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I have also implemented a chunked engine. The best way to think of it is to just think of the chunks as memory storage locations rather than as actual structures of the world. Then, whenever you generate content, generate it as though you had a giant array of arbitrary size. Just implement some functions like Voxel* GetVoxelAt(int x, int y, int z); Which ...


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I would consider generating waypoint graphs instead. They're easy to work with, they give optimal paths, and are generally fast enough for reasonably small environments. The optimal path will be a series of line segments, and each vertex in the path will either be the origin, the destination, or a vertex of one of your obstacles. So although your ...


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MeshParts in XNA, SubMesh in Ogre or other similar entities usually serve the main purpose of applying multiple materials to the same 3D model, yet still dealing with it as a single higher level entity (Mesh). You can't assign different materials to different parts of the same mesh, without having multiple draw calls, hence separating the model to different ...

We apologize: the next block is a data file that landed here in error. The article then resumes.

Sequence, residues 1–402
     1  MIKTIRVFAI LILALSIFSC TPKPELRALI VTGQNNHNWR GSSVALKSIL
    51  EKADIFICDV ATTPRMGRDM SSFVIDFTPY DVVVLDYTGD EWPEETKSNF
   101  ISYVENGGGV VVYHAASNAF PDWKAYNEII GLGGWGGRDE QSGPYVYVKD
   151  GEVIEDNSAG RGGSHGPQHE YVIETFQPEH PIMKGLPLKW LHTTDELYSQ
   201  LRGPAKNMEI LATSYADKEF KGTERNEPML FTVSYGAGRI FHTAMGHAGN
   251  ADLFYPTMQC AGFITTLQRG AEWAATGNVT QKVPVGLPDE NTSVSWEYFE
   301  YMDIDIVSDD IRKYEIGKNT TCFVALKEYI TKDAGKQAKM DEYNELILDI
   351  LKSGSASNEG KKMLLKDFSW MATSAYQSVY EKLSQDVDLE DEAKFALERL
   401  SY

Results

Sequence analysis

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Answer to your question can be found on Shawn Hargreaves Blog who was one of the XNA creators: Within a ModelMesh, each ModelMeshPart represents a single graphics card draw call. It contains a set of triangles that share the same material (stored in the ModelMeshPart.Effect property) and vertex declaration. For instance the ModelMesh for the body of our ...


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new answer: In the real world, since this field is not densely populated, simply tell the characters to move in the desired direction and once they approach an obstacle, to go clockwise or counter-clockwise around it (depending on which way is shorter). To improve on this, you can walk the characters towards corners instead: In the general case, you ...



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